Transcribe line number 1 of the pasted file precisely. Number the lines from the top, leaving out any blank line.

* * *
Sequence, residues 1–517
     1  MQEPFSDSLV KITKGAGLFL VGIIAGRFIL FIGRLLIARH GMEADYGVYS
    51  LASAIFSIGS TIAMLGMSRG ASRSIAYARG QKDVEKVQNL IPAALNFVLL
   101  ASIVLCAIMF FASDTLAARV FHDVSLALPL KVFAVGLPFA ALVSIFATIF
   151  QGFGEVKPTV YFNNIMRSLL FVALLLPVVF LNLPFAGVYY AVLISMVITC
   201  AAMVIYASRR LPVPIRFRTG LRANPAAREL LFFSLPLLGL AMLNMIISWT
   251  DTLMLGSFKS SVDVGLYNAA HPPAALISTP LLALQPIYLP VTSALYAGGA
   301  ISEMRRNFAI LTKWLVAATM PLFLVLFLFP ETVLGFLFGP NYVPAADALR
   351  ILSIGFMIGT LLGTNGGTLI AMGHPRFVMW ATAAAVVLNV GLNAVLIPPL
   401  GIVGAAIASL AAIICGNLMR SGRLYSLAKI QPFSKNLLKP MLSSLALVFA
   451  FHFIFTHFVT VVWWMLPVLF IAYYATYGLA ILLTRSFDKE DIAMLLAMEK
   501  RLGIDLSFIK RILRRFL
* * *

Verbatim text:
Sequence, residues 1–517